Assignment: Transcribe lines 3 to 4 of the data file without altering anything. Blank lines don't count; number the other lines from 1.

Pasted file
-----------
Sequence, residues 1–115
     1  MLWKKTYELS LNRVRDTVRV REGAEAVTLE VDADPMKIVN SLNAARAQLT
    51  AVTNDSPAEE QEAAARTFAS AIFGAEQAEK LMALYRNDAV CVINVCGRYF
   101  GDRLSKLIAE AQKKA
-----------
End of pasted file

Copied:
    51  AVTNDSPAEE QEAAARTFAS AIFGAEQAEK LMALYRNDAV CVINVCGRYF
   101  GDRLSKLIAE AQKKA